Innocence: Roald Dahl

★★★★

Tales of Youth and Guile

What a crazy few weeks it’s been! Having shuttled back and forth between London, Oxford, Leeds and Washington, I expected to get lots of reading done, but unfortunately I’ve developed an irritating tendency to fall asleep as soon as the train or plane gets moving. Now back home, having shaken off the worst of the jet-lag, I took refuge on my sofa from the nasty cold rain outside and treated myself to the first of several books of Roald Dahl’s short stories, recently reissued in thematic collections by Penguin. Like most people, I suspect, I read lots of Dahl when I was small but never progressed to his writing for adults. This particular collection, with its themes of childhood and naivete, includes Dahl’s autobiography Boy (written for children), as well as a group of other short stories (for grown-ups), some of which reflect his own experiences through a fictional lens.

With the cheerful oblivion of a child, I never used to wonder about what Roald Dahl was actually like; nor did I read much about him later, when I’d grown up and his books had been packed away in my parents’ attic. So it was delightful to curl up with Boy (one of the books that escaped my attention as a child), in which Dahl talks about his entrepreneurial father, his devoted mother and his comfortable upbringing in and around Cardiff, with servants and a nanny, and annual holidays in his parents’ native Norway. Yet there are dark moments too: Dahl’s horrific experiences at private school – first at St Peter’s prep school in Weston-super-Mare and later at Repton – with sadistic masters, evil prefects and liberal use of the cane. The memories are interleaved with reproductions of Dahl’s letters home to his mother, all of which she kept for the rest of her life, while the essay ‘Lucky Break’ (first published in Henry Sugar) includes delicious snippets from Dahl’s school reports for English Composition: ‘incapable of marshalling his thoughts on paper‘; ‘vocabulary negligible, sentences malconstructed’; ‘indolent and illiterate‘; ‘consistently idle. Ideas limited‘. Yet this very same essay goes on, after alluding to Dahl’s courageous exploits as a fighter ace in the Second World War, to tell the story of how he finally became a writer – thanks to a chance encounter with the diffident C.S. Forester during a government posting to Washington in 1942.

To be honest, I found these autobiographical sections more gripping than the short stories which followed them: it was lovely to spot the experiences which inspired his later works. A primary-school classmate recounts a warning given by his doctor father: one shouldn’t eat liquorice because it was made from squashed rats and one would eventually turn into a rat on eating too much (The Witches). On being sent some new Cadbury’s chocolate to taste-test at school, Dahl is carried away in dreams of what a lab for inventing chocolates might be like (Charlie and the Chocolate Factory). And the lovely thing, which I don’t think I consciously appreciated when I was a child, is how Dahl writes for children: he has that great gift of addressing them as equals without the slightest hint of awareness that he himself is a grown-up. Boy (aimed at children, unlike the other stories in the book) is written in a way that, even as an adult, makes me think of warm milk and bedtime stories and reading under the covers with a torch, one ear strained for footsteps on the stairs. I certainly must get hold of Going Solo, the sequel to Boy, which takes Dahl into his time in Africa both before and during the Second World War.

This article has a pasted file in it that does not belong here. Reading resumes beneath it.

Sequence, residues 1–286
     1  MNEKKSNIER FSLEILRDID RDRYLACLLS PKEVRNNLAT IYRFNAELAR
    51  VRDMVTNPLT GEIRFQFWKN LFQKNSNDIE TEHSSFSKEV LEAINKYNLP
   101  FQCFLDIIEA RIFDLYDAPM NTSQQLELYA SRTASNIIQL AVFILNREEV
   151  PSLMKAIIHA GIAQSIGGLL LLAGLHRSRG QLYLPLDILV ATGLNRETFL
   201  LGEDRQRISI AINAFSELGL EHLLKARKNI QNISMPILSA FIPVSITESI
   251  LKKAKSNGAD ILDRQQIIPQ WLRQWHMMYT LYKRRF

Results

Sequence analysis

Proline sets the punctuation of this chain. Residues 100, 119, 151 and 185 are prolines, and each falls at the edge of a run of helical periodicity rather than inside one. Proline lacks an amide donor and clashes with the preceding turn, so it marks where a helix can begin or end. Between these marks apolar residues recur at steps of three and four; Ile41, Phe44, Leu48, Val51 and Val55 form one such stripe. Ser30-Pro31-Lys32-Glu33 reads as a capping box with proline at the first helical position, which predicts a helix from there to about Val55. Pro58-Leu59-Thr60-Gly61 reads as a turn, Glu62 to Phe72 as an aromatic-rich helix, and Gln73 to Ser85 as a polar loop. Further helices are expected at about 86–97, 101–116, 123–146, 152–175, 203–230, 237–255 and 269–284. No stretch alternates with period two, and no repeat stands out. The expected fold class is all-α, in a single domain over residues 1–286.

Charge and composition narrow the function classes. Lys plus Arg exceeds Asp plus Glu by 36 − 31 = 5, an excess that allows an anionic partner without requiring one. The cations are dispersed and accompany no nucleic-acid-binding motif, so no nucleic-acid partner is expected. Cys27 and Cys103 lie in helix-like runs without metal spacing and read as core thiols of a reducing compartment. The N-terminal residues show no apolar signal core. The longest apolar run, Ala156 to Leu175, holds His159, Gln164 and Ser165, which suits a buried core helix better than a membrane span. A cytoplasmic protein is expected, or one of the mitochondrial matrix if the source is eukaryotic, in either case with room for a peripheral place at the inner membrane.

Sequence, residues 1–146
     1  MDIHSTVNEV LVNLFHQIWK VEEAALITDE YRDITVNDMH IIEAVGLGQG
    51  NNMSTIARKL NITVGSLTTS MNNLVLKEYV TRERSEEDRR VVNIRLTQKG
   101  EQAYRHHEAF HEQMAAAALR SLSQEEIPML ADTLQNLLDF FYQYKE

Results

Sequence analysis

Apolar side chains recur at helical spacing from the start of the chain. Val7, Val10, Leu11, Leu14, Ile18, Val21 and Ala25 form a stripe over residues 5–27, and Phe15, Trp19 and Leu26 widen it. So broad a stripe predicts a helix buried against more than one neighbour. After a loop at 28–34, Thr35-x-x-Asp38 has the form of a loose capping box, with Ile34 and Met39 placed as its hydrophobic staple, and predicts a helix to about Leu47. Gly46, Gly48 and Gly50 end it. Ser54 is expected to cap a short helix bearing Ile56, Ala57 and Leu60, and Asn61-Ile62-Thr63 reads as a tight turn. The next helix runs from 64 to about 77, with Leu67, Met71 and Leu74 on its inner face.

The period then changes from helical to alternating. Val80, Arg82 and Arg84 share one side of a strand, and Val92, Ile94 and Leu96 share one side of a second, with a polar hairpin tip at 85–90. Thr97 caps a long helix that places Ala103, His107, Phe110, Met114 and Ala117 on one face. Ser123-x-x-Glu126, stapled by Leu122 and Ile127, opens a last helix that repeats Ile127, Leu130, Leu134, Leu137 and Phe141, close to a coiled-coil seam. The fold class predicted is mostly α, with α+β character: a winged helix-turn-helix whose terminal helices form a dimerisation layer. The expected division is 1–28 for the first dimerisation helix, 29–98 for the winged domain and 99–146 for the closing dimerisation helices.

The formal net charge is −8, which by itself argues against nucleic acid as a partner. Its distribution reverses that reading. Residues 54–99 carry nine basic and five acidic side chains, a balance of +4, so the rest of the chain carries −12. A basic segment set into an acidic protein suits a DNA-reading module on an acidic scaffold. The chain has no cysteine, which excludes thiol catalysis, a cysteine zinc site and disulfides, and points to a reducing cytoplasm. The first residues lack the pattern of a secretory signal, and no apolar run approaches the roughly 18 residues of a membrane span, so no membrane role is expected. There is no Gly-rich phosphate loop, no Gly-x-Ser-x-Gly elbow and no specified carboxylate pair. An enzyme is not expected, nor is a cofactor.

But what of the other short stories? Dahl’s famous dark side doesn’t get too much of an outing here, as befits the theme of innocence, but it did flash a wicked grin in the story ‘The Landlady’, which I loved. In ‘Taste’, a dinner party goes sour when a wine-tasting bet spirals out of control; while ‘Galloping Foxley’ shows how deep the scars of childhood bullying can run. Boy took up most of the volume, so there’ll be more self-contained stories in the other collections, I suspect. It’s worth knowing that, because if you already have Boy, you might not want to fork out for the same text under different packaging with just a few extras thrown in. Personally, however, I thoroughly enjoyed it. Dahl is equally at home whether describing the horrors of boarding school or the creeping unease of a Bath boarding house, and I’m looking forward to exploring more of his adult stories in the other collections I have lined up on my shelf: DeceptionTrickery and Cruelty.

Don’t hesitate to recommend your favourite Dahl story for grown-ups if you have one. I’m perfectly happy exploring at my own pace, but it’s always fun knowing that something really good is coming up! Also, does anyone know of any other autobiographical material except that contained in Boy, ‘Lucky Break’ and Going Solo?

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